Christie bans gay conversion therapy for youths
New Jersey has become the second state in the nation to ban gay conversion therapy.
Governor Christie Christie's signature protects New Jersey youths from this controversial practice and it could help efforts to pass similar legislation in Pennsylvania.
New Jersey is now the second state in the nation to outlaw gay conversion therapy for minors.
"I did sign the bill and it speaks for itself," said Christie.
Governor Chris Christie says he researched the issue in depth.
Finally siding with the American Psychological Association's opinion that efforts to change sexual orientation can pose critical health risks including "depression, substance abuse and suicidal thoughts."
But some critics say it's a parental rights issue.
Arguing a ban on counseling limits parents' ability to make decisions for their children.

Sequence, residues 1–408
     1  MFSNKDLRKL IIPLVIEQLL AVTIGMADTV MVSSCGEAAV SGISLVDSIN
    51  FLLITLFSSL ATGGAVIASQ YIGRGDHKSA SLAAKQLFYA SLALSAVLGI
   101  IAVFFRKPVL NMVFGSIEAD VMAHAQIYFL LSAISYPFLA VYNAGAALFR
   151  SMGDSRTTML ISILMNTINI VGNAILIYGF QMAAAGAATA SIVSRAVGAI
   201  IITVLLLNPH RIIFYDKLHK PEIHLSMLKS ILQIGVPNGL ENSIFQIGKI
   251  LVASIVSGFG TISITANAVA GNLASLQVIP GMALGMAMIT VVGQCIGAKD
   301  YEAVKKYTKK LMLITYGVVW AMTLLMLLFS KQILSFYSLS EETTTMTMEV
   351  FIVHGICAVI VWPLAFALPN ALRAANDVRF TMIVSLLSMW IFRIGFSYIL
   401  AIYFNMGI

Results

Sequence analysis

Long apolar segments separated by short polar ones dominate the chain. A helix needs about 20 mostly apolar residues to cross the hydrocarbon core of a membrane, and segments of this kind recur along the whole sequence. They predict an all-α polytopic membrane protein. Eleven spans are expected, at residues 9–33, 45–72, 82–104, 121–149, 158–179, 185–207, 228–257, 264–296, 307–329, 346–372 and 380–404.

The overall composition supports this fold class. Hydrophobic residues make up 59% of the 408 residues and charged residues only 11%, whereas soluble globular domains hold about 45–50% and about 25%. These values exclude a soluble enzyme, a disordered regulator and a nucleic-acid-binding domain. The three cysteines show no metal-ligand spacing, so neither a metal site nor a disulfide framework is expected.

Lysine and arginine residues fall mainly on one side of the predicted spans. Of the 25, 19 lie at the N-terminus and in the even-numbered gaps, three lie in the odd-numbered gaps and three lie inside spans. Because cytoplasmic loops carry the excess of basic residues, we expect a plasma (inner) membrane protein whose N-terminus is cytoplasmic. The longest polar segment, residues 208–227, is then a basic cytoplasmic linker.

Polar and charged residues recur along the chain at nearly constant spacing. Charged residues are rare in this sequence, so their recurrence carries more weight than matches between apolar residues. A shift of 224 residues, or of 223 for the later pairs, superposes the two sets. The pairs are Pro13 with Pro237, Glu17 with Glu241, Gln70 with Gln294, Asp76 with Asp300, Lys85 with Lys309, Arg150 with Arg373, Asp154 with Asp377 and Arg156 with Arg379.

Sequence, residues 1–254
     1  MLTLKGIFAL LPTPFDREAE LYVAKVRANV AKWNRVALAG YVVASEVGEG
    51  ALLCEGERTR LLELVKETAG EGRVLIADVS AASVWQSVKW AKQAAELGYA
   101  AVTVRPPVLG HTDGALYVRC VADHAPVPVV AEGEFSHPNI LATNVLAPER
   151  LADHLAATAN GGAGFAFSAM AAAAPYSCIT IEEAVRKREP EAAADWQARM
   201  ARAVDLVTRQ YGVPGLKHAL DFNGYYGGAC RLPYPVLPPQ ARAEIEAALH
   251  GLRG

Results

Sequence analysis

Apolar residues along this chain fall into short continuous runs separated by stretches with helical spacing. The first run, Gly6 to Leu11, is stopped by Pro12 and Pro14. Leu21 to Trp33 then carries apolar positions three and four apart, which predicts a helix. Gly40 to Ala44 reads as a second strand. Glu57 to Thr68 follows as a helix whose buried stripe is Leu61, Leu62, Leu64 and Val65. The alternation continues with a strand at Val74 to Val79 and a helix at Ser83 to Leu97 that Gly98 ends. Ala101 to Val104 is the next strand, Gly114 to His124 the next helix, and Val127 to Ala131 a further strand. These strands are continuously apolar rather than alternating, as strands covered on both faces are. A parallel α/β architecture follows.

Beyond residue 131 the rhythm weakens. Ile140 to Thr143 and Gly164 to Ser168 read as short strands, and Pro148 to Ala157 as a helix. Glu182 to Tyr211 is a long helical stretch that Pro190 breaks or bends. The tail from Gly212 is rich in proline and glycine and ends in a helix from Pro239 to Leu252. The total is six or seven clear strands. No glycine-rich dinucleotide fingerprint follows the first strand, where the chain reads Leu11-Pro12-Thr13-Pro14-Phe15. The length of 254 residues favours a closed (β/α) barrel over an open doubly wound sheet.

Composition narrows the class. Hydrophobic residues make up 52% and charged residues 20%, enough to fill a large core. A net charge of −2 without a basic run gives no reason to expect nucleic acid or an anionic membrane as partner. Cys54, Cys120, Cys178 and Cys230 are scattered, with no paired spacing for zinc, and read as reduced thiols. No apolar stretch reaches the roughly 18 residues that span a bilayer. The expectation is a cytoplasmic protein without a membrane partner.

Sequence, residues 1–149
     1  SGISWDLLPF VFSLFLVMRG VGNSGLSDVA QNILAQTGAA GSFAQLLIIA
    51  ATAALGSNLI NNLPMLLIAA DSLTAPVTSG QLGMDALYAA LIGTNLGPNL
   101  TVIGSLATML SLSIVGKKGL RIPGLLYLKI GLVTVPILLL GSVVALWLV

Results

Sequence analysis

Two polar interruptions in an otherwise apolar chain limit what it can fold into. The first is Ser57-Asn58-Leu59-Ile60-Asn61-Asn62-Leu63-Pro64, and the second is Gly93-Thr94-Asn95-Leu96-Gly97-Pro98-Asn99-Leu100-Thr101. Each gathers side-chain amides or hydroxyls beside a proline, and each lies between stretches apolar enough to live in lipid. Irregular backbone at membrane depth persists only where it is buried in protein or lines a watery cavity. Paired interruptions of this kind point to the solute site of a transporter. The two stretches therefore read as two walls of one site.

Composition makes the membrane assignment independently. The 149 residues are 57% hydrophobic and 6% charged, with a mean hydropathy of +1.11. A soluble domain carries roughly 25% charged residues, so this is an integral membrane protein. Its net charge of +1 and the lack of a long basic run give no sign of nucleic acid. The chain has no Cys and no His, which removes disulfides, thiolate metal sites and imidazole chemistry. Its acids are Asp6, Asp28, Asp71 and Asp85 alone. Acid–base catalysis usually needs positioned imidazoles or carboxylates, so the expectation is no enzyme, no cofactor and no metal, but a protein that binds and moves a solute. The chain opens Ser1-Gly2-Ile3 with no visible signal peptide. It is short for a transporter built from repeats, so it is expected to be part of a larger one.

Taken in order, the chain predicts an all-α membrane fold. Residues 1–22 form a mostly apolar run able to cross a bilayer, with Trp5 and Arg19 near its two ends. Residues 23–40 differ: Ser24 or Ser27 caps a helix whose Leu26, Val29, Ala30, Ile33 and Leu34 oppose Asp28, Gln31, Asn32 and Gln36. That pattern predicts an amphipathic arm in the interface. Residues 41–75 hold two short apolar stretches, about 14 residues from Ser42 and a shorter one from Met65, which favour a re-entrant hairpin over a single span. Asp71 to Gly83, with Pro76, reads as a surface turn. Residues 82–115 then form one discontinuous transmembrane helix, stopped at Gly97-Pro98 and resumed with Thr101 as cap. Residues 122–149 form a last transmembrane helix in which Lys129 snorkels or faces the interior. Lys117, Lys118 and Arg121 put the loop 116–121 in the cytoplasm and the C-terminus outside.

It's a controversial debate with some former patients claiming they were given drugs and shock treatments.
Local psychologist Dr. Robert Gordon says gay conversion therapy is not based in science.
"It's unethical. A licensed psychologist cannot do these treatments," said Gordon.
Gay rights advocates say the passage of the ban is a step in the right direction.
Equality Pennsylvania President Adrian Shanker says he hopes other states will follow suit.
"This bill is not a liberal bill it's a common sense bill in New Jersey and in California and could be a common sense law in Pennsylvania," said Shanker.
Pennsylvania could be the third state to pass a ban.
Senate bill 872 is making the rounds in Harrisburg.
"It's encouraging to see what happened in New Jersey . There definitely was bipartisan support. I think that could be possible in Pennsylvania," said Senator Judy Schwank.
Schwank is a co-sponsor of the bill.
She says she hopes to gather more support and get the measure passed once it comes out of committee.
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